MUSIC 18
DA NCE
201-5464 O
OR WWW.
ART 16
IDIOMTHEATER.COM
IDIOMTHEATER
STAGE 15
16
NORTHWEST BALLET THEATRE’S BUSY WEEKEND
EEKEND
WWW.ROOTEDEMERGING.ORG
GET OUT 14
Coppelia and Copland
BRISEIS: Ge
Get a behind-thescenes peek aat the Trojan War
when Glenn Hergenhahn’s
H
fabulous tragicomedy
trag
Briseis
shows for the final weekend
at 8pm Thurs.-Sat.
Thurs
at the
iDiOM Theater,
Theate 1418 Cornwall
Ave. Tickets aare $10.
BY AMY KEPFERLE
CURRENTS 10
MAY
A 31-JUNE
31-J
2
VIEWS 6
THEUPFRONT.COM
THEUPFRONT.C
WWW.SHAKESNW.ORG
OPEN MIC: Comedians,
dancers, thespians and other
performers are invited to an
all-ages Masquerade Open
Mice starting at 5:30pm
at the Old Foundry, 100 E.
Maple St. Tickets are $7-$10
and proceeds will benefit
Rooted Emerging programs.
MAIL 4
733-8855 O
OR WWW.
DO IT 2
PROF I L ES
05.30.12
DA NC E
GOOD, BAD, UGLY: Watch
“The Good, the Bad and the
Ugly” at 8pm every Thursday
at the Upfront Theatre, 1208
Bay St. At 10pm, stick around
for “The
The Proje
Project.” Entry is
$4-$7.
FEAST OF FOOLS: Shakespeare Northwest will host
“Feast of Fools,” a fundraising kickoff event for this
summer’s season, from 2-4pm
in Skagit County at the Rexville Grange, 19299 Rexville
Grange Rd.
#22.07
T H E AT ER
THURS., MAY 31
SAT., JUNE 2
CASCADIA WEEKLY
staGe
STAGE
15
doit
FOOD 30
visual
OPENINGS
BY AMY KEPFERLE
CREATIVITY IN ACTION
of competitors checked their safety gear. Helmets were fastened, coveralls were zipped, knee and elbow pads were secured and goggles were
affixed just so.
Then, without further ado, the racers climbed into their washing machines—and a host of other derby cars fashioned out of old appliances and
assorted parts—and proceeded to make their way down a semi-steep hill in
a manner that wasn’t so much Indy 500 as it was pure vaudeville.
Those lining the street howled and clapped as the racers haphazardly
made their way to the finish line. After all, it’s not every day it’s possible (or legal) to see sane humans making their way down city streets
in conveyances typically found only in utility rooms, kitchens, garages
and basements.
The spectacle was only one part of the Appliance Depot’s annual Appliance Art Revival, but it’s the one that, every June, puts the action in
art and draws attention to the company’s mission, which is to keep our
community healthy and to model environmental sustainability by reducing the number of appliances entering the waste stream.
With creative reuse at its forefront, the event is meant to make sure
CASCADIA WEEKLY
#22.07
DO IT 2
Appliance Art Revival
05.30.12
MAIL 4
VIEWS 6
CURRENTS 10
WORDS 12
GET OUT 14
STAGE 15
ART 16
MUSIC 18
FILM 22
B-BOARD 24
GALLERIES
16
IN THE moments before the big race was to get underway, a gaggle
PROFILES
people know that recycling doesn’t have to just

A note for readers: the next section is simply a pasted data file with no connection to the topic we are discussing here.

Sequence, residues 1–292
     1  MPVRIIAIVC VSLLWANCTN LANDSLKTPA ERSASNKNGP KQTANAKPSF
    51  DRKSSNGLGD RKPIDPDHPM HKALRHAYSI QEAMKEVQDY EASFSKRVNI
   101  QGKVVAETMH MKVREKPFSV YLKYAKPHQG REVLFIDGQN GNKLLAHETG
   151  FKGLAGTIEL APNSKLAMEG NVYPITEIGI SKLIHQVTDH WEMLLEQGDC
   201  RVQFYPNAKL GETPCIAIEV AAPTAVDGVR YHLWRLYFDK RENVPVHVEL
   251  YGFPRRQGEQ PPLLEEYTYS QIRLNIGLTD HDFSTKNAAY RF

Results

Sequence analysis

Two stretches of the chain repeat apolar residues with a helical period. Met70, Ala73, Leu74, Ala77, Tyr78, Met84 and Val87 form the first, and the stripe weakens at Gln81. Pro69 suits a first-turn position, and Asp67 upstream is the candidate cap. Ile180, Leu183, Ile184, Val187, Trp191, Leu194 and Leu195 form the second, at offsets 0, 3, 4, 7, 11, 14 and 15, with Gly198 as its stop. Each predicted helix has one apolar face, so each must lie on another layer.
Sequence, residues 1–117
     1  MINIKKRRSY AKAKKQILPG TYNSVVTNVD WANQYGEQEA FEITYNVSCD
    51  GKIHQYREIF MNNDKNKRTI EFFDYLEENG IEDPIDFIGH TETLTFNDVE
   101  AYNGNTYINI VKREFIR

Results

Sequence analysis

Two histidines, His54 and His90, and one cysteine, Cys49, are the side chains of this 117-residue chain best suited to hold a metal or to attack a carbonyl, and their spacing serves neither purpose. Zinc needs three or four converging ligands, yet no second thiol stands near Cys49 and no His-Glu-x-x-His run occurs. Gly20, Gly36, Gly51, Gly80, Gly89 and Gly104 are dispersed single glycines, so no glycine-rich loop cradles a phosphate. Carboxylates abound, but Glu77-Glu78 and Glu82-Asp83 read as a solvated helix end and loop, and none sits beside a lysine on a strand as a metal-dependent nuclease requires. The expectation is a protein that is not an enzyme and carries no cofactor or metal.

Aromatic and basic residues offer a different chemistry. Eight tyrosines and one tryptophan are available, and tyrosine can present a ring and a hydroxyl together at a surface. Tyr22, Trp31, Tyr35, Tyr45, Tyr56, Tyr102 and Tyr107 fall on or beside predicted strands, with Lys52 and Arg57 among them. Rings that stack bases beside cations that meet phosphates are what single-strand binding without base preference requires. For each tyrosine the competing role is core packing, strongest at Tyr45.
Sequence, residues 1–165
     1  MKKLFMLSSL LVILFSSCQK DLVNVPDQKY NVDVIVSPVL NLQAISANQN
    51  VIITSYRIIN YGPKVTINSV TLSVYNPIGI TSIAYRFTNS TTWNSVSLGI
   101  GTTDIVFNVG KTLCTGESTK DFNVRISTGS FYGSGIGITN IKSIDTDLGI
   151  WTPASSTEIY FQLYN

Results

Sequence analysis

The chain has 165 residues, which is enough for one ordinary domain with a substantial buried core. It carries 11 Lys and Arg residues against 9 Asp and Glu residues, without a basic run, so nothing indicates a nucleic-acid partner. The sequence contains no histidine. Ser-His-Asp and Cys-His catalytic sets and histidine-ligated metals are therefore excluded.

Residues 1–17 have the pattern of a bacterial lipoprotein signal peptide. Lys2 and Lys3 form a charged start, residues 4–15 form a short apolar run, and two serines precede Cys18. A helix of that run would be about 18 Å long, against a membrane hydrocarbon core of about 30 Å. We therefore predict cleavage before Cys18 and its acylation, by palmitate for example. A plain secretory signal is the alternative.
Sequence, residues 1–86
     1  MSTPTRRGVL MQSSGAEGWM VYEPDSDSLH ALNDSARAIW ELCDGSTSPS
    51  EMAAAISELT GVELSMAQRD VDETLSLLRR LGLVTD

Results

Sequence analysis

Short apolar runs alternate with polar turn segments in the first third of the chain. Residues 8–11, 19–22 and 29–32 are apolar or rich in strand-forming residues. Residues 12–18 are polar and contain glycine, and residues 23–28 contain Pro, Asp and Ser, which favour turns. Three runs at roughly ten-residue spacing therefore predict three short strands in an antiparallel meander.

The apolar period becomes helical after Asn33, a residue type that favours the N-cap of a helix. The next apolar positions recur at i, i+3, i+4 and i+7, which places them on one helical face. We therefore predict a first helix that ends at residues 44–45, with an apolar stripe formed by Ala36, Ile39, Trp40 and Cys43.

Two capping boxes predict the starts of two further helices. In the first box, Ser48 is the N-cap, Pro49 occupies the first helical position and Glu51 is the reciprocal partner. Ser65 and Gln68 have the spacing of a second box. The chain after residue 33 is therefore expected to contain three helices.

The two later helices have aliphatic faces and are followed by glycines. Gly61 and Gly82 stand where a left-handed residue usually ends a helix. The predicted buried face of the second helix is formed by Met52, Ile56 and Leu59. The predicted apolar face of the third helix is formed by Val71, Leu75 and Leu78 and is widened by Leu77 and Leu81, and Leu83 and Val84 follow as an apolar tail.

mean putting cans and bottles in one bin and
plastics and newspapers in others. In other
words, it can be fun.
Those who want to get a closer look at the
unique derby cars that will be careening down
Maple Street before coming to a rest at Cornwall
Avenue can do so from 10am-3pm Sat., June 2
during the Bellingham Farmers Market at the Depot Market Square. Then, after heading home to
put their fresh produce away, they can come back
downtown and line up to watch the action.
But, as per the event’s art-related moniker,
that’s not all that’s on the roster.
For the past month, a variety of quirky and
fabulous art pieces fashioned mostly out of used
appliance parts—some of
which are quite difficult to
recognize once they’ve been
repurposed—has been peppered throughout Boundary
Bay Brewery. After the race,
attendees are encouraged to
// )
WHAT: 4th
make their way to Boundary’s
annual Appliance
beer garden for an auction
Art Revival
of the pieces, which features
WHEN: Derby
works by a variety of area artstarts at 5pm Sat.,
ists including Karin K. MuelJune 2. From 6:308:30pm, there’ll
ler, Shirley Erickson, Graham
be an art auction.
Schodda, and others.
At 7pm, listen to
Whether you go home with
live music from the
one
of the pieces, there’s no
Yogoman Burning
doubt
that—after watching
Band and special
guests
the thrills of the race and
WHERE: Maple
checking out and bidding
and State streets,
on the crazily creative conBoundary Bay
coctions—you’ll ever look at
Brewery
your toaster, refrigerator or
COST: Entry is $6
for the art auction
blender the same way again.
and music
But that’s kind of the
INFO: http://reuse
point.
By keeping what could
works.org
be refuse out of the dump,
those at the Appliance Depot are making sure people are aware of all that
they do. Adding on to their aforementioned mission of culling items from the waste stream, they
put this credo in motion by providing job-training
programs through the salvage, repair and sale of
reconditioned appliances.
In the moments before the derby cart race gets
underway, onlookers probably won’t be thinking
about the do-good aspects of the Appliance Depot—but that’s as it should be. But if you see a
dented washing machine coming to rest at the
bottom of the hill, rest assured, it’ll be put to
good use.
U P COM I NG E V EN TS
FRI., JUNE 1
GALLERY WALK: From 6-9pm, attend
the monthly Gallery Walk throughout
downtown Anacortes. Entry is free and
open to all.
WWW.ANACORTESNOW.COM
ART WALK: Peruse a variety of galleries, businesses and restaurants from
6-10pm as part of the Art Walk happening
throughout downtown Bellingham. Check
out the listings below, get the roster
online or pick up maps at participating
locations.
WWW.DOWNTOWNBELLINGHAM.COM
ALLIED ARTS: View “Contrast & Harmony,” featuring works from Deb Steinkamp,
Richard Nevels, Chris Murphy, and John
D’Onofrio, from 6-9pm at Allied Arts, 1418